has to be cleaned every 3-5 years
Describe primary sewage treatment
use screens to remove material from top and bottom
Describe Secondary Sewage Treatment
take brown water-biological cleansing w/aerobic bacteria to eat 90% of oxygen demanding waste
trickling filters-(we do not use this as a community) water trickles down a bed of stones
activated sludge (what we use_ pump the sewage water into a clarifying tank. throw in a bunch of sludge w/ bacteria, pump in air, bacteria eat organic material and ammonia-sedimentation tank flacculating agent (alum)
Describe Advanced/Tertiary Sewage Treatement
1. not legally required, expensive
Los Angeles, use sand/anthracite filter
Wonderful: maryland pond
Describe the Disinfection process
Chlorine- worst way, bublle through water and then dechlorinate w/ hydrogen sulfide
Ozone- bubble ozone through water to kill pathogens and release ozone
UV Light- take water and pass it through bank of lights
What happens to the disposal after the sewage treatment?
46% Fertilizer- have to aerobically digest it or compost
38 % Landfill- problem-wet, thick, toxic, goes into groundwawter
16% Incinerate-turns into air pollutants (dioxin)
What are mounds?
Build a 6 feet tall mound of soil, strain out soilds-use it as a filter
What are sewage walls?
terraced planks
What is SIRDO
Type I: composting toilet. used for fertilizer-doesn't require water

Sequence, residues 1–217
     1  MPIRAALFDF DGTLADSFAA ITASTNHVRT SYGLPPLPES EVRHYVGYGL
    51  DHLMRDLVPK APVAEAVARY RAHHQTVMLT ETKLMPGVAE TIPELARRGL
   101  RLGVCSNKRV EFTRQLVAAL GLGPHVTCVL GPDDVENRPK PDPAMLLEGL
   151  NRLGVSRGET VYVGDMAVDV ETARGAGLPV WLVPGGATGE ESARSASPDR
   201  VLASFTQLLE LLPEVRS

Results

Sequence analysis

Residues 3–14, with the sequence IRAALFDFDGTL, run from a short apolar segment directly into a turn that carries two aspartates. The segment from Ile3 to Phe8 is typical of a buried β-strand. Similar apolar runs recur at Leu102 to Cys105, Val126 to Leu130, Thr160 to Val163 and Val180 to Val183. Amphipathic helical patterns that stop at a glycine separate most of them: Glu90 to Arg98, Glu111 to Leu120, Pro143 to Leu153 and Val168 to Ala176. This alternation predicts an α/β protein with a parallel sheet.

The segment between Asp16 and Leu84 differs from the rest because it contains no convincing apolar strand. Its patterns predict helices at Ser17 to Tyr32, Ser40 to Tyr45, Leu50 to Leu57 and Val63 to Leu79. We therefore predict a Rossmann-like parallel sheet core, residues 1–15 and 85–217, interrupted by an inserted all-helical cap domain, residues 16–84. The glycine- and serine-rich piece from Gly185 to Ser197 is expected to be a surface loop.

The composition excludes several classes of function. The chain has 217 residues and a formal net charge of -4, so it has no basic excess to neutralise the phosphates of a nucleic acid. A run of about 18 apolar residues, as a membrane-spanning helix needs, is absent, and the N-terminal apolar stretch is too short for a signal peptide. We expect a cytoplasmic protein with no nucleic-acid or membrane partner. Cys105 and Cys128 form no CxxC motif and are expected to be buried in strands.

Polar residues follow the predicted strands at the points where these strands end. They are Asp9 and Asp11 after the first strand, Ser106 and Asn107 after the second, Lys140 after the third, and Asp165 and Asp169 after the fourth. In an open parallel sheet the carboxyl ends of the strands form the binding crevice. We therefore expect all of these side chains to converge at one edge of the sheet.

Type II-strain off the soilds, percolate gray water through filters. used for irrigation water full of nutrients.
What is groundwater
Our drinking water source. Easily contaminated b/c:
1. doesn't dillute
2. no oxygen
3. very cold-bacteria don't like it
25% of groundwater in the US is contaminated
What are some sources of groundwater pollution?
Leaking underground storage tanks
Agricultural Run-Off
Abandon hazardous waste dumps
What is the clean-up and prevention of groundwater pollution?
required to have leak-detection system on new tanks
new tanks have to be made of non-corrosive materials
Owner has to have liability insurance
There is a separate federal trust fund for these
What are some sollutions to groundwater pollution?
Pump the water up from aquifer, clean, put back in
Monitor your aquifers
Require leak detection systems on all tanks
Require liability insurance on all tanks
Buy water from somewhere else
Describe the quality of drinking water
Many Rivers Around the World are polluted
Drinking water purified before supplied to people
Municipal systems have to test for pollutants
Private wells not required to test
20% Americans have drinking water that would not meet EPA standards
IS Boiled Water the Answer?
Aquafina and Dasani come from municipal centers
Municipal water frequently just as clean
What are sollutions to pollution in general?
Source Reduction-if you have less waste, it won't drip
Reuse treated wastewater- For irrigation or drinking
Recycle Pollutants- Prevents them from going back into groundwater.